An arts centre shows that the best plan can be no plan at all, says Iain Borden, but a London office block betrays no sign of life

Underneath Queen Elizabeth Hall in the South Bank Centre is a classic example of SLOAP – Space Left Over After Planning. Concrete and paving slab banks rest at 45°, with no apparent purpose. This undercroft is dank, dark and disturbing, a place that any switched-on metropolitan resident might avoid for fear of being mugged. Yet this very space is also one of London’s finest buildings. Why? Partly because of the raw, brutalist concrete architecture, designed by the Archigram cell within the old London council. But mainly because of its occupation by skateboarders, who for 30 years have made this the home of British skateboarding. Here you see vibrant flashes of colour and moving bodies, you hear sharp, staccato sounds, and, above all, you see that public spaces don’t have to contain shopping malls. Together with the neighbouring walkways, galleries and cafes, this is true social space: a place where different people do things differently.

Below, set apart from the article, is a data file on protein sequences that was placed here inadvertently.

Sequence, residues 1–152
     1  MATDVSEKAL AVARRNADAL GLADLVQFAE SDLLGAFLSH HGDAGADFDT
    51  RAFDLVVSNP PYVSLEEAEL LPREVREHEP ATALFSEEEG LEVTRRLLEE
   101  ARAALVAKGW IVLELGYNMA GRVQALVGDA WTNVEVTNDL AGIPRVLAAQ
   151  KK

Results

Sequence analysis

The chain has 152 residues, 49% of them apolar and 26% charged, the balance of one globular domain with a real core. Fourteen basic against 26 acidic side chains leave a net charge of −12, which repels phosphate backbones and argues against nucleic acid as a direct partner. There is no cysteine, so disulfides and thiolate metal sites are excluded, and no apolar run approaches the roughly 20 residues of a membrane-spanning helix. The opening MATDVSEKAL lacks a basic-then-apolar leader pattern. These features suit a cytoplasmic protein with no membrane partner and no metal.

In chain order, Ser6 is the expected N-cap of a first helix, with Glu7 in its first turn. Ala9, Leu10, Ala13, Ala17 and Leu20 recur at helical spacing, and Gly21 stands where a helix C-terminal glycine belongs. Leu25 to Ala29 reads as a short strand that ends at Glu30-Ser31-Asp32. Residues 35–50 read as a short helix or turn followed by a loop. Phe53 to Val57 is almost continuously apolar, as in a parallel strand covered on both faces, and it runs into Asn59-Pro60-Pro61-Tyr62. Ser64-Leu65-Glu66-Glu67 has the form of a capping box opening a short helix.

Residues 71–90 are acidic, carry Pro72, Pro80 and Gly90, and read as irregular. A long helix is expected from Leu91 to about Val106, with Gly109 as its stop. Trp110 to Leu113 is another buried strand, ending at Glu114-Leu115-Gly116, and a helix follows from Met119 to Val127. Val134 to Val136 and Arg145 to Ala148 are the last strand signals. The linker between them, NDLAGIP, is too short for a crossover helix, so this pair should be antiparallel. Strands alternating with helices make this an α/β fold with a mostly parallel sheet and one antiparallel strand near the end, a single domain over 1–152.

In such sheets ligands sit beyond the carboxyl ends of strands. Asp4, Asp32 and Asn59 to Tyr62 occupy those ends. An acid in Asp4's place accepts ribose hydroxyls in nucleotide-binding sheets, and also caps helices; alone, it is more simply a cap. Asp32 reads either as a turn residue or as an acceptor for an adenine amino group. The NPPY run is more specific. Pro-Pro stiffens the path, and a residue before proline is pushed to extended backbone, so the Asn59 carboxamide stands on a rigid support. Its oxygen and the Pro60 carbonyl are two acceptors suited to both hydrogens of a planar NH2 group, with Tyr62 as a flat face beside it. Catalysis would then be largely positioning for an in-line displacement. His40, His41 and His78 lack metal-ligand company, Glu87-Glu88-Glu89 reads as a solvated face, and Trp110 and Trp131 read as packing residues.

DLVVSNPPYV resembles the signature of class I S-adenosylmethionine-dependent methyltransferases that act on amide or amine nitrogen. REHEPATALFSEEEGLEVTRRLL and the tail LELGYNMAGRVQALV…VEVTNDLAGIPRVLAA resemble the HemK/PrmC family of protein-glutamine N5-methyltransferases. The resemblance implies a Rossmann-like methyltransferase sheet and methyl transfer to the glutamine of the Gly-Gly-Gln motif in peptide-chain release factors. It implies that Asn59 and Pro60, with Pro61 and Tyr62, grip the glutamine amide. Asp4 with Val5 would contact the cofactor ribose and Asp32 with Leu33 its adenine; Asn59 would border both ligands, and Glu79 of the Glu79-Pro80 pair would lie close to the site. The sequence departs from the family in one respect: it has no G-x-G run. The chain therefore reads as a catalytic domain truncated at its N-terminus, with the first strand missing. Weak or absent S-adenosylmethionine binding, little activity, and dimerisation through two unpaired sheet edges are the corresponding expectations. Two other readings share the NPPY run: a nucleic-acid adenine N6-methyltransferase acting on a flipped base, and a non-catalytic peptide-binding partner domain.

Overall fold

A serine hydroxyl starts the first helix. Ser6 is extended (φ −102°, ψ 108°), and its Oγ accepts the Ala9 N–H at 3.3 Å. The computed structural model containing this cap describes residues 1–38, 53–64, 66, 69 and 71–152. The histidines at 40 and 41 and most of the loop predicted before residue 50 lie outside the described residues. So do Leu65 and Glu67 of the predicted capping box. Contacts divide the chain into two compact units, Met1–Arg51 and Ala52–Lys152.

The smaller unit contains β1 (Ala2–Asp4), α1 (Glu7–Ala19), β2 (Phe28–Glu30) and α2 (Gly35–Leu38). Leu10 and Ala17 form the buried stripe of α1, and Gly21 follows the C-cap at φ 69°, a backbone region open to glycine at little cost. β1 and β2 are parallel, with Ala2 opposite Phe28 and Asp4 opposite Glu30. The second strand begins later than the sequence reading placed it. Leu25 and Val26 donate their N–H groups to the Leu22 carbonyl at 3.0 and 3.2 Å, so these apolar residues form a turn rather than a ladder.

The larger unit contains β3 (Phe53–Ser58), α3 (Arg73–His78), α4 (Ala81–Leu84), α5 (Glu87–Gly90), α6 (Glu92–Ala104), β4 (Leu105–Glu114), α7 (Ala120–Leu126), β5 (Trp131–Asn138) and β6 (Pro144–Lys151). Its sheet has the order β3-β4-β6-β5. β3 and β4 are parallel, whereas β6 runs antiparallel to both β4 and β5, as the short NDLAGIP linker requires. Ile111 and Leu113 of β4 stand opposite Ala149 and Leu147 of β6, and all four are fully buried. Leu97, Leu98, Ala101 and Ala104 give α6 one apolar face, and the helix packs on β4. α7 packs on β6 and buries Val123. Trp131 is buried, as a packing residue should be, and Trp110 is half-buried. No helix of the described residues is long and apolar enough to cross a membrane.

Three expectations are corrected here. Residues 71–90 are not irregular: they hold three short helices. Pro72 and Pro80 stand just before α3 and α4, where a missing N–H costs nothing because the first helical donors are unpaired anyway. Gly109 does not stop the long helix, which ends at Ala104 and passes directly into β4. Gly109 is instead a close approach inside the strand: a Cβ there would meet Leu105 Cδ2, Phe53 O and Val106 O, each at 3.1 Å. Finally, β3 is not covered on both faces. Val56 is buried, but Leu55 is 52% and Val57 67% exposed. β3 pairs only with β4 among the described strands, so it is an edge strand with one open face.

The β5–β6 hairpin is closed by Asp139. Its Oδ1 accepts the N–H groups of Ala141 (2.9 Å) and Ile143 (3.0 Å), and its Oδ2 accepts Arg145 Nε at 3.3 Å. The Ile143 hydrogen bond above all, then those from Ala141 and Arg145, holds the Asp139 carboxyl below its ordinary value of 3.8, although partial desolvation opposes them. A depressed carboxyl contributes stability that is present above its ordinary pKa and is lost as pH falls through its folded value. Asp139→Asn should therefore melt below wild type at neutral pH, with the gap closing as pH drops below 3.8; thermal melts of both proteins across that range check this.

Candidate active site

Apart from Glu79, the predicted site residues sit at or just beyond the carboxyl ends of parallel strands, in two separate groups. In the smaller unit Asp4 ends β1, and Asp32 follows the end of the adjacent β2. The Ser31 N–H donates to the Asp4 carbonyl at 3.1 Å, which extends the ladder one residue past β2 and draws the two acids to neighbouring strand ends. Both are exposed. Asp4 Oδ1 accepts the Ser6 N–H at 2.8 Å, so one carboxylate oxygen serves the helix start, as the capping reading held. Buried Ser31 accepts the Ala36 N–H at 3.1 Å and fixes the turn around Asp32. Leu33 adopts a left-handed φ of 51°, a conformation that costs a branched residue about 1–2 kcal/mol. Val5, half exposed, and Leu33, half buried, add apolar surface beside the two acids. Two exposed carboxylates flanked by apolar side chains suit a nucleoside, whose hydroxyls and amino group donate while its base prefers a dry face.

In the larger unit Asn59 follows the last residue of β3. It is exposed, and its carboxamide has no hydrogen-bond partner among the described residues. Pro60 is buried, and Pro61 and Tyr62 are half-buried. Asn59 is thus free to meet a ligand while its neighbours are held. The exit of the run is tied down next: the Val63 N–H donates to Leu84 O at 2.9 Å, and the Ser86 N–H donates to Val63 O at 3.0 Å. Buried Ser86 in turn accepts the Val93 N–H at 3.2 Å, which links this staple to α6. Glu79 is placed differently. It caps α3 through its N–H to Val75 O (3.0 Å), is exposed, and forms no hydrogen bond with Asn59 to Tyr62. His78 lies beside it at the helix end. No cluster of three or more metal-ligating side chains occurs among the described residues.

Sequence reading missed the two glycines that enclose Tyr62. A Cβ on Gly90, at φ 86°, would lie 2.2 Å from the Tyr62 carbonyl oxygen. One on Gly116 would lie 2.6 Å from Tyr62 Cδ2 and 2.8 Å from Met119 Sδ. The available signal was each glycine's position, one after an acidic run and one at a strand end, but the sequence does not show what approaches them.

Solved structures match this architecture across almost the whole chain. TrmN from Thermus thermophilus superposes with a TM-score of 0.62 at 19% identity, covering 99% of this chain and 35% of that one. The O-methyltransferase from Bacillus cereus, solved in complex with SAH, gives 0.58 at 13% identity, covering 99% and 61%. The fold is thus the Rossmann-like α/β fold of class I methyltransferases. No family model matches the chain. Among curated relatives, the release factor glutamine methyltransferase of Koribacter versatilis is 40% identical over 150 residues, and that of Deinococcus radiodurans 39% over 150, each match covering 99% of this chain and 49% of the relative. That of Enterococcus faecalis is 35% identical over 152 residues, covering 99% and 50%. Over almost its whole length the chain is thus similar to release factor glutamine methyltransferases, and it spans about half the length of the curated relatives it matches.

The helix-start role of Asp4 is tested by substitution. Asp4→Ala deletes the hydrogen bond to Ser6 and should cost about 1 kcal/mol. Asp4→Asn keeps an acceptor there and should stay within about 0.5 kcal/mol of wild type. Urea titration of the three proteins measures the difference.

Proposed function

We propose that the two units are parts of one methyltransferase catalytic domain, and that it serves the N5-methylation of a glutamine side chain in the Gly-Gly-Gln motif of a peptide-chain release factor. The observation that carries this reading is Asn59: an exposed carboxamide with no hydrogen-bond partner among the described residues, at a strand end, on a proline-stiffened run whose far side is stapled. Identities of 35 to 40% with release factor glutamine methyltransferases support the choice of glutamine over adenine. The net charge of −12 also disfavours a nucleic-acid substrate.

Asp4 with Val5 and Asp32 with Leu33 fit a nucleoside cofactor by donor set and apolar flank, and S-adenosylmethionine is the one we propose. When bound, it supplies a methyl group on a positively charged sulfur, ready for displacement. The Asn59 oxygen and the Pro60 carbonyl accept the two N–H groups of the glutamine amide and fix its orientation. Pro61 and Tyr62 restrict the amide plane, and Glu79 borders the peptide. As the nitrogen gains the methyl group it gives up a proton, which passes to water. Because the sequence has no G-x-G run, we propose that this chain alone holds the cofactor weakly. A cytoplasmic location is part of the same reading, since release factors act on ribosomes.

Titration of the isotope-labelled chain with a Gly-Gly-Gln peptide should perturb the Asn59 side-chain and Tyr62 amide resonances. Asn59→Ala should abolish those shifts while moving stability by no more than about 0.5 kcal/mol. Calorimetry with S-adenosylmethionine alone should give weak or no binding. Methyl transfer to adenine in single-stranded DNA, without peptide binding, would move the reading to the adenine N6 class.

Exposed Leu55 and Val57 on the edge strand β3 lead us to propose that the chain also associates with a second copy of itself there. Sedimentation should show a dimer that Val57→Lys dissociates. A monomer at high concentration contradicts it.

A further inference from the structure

And the opposite? The maroon and grey office building that runs up Farringdon Road, just to the west of Farringdon Underground station. Devoid of any aesthetic character other than its sub-postmodern patterning, this building repels the urban citizen – it seems to say “work inside, or walk by”. There is no city life here.

Professor Iain Borden is director of the Bartlett School of Architecture at University College London